There are currently more than 500 pending murder trials in this country, Chief Justice Ivor Archie said yesterday.
Speaking at the “Dana Saroop Seetahal Symposium: Re-engineering the Criminal Justice System” event held at the Noor Hassanali Auditorium, UWI, St Augustine, Archie said: “There are over 500 people at this point, as we speak, in this country awaiting trial for murder.
“When I came into office we were speaking about preliminary enquiries as taking about five of the seven years, that it takes an indictable matter to come to trial, so there was a cry for the abolishment of preliminary enquiry. Then there are layers of process which take time and not just time because there is the magistrate and a whole filing system that is created that has to be done again once the matter goes to the High Court, so we are not thinking process.
“At the other end of the system—and I know I am sailing into choppy waters but I have to say it—we have a jury which is the most inefficient way for conducting a trial,” he said.
“If I had to pick three things this morning I would say; abolish preliminary enquiries entirely. Let the Director of Public Prosecutions (DPP) decide who he would prosecute indictably and who he is going to prosecute summarily. Abolish juries and take a serious look at our words of evidence in particular the rule of law against hearsay,” Archie added.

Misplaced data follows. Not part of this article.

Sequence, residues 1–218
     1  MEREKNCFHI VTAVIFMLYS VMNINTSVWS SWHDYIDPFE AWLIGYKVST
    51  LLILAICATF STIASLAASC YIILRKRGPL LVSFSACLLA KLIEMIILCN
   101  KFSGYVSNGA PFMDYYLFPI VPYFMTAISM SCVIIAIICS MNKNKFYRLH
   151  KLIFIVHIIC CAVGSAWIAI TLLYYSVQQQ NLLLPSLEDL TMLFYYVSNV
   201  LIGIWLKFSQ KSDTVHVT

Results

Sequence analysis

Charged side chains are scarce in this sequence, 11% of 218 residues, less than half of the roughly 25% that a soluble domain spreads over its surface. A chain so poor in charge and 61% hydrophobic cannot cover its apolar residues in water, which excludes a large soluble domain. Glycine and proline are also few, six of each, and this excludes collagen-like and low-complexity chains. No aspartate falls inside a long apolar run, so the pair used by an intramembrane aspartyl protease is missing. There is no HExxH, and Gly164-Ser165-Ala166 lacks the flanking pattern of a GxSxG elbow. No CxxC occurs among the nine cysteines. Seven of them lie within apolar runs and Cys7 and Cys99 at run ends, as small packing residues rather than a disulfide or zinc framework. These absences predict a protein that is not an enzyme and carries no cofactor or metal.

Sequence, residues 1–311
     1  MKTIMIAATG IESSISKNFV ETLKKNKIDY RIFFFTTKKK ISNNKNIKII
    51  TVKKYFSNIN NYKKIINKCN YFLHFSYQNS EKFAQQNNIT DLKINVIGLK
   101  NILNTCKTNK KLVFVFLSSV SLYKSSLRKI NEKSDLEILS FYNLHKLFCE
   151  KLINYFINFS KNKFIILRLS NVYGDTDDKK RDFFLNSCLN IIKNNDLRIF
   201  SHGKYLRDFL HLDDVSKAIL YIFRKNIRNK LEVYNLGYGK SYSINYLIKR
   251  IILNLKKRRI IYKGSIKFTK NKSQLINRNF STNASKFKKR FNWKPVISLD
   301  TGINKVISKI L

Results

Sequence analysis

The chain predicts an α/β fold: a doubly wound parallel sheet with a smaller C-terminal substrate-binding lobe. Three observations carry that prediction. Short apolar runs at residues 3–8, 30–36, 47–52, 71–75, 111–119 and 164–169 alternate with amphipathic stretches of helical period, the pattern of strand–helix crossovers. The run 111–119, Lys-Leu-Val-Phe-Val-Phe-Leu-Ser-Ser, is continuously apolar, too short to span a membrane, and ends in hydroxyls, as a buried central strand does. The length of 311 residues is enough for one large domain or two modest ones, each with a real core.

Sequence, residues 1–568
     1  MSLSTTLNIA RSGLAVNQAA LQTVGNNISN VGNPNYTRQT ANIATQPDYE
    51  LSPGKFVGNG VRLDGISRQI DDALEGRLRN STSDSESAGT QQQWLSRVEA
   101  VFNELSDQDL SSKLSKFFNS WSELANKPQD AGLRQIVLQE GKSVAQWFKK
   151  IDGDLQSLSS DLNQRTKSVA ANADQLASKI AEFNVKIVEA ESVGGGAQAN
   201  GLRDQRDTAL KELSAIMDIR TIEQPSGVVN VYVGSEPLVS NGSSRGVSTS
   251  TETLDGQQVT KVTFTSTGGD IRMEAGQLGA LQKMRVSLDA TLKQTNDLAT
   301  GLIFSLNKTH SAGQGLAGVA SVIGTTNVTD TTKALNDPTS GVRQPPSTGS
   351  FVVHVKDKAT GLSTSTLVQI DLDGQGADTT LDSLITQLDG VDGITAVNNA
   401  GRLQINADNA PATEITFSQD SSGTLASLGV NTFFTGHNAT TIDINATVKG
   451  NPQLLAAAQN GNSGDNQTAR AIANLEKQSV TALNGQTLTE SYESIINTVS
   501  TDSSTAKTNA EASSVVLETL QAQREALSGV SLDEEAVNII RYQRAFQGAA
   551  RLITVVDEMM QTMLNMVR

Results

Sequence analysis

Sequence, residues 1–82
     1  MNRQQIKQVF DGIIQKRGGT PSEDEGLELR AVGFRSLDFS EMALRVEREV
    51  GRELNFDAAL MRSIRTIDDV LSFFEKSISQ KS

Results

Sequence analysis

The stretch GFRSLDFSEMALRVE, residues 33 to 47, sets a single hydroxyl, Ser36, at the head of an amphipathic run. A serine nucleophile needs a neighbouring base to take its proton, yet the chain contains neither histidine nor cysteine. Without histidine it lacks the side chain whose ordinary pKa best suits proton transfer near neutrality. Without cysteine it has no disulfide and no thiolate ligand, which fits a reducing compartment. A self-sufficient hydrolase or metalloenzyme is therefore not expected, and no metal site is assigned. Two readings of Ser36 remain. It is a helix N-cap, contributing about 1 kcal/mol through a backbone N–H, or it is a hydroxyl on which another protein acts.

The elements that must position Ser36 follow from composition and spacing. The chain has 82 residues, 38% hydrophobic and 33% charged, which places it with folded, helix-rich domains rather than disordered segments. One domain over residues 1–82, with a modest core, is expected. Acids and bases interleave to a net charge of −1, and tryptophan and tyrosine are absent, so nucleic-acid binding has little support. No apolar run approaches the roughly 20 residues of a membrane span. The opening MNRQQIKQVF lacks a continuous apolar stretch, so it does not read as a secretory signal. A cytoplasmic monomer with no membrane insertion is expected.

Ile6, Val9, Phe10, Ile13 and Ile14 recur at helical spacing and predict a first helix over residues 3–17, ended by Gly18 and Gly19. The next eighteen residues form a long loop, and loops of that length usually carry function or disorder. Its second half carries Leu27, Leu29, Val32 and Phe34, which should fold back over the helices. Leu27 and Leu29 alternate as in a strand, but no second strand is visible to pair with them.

Gilbert Peterson SC who also spoke at the symposium endorsed the need to eliminate trial by jury. “I also think we need to eliminate jury trials because having a jury there sitting for months listening to evidence but you are telling them complex concepts that law students will take years sometimes to understand some of my colleagues still don’t understand but you are asking jurors to understand complex concepts of law and apply it to the evidence. So I see the need for special juries and I see the Attorney General has made the amendment for special juries but I think it would be advancing the system if you are able to eliminate juries,” he said.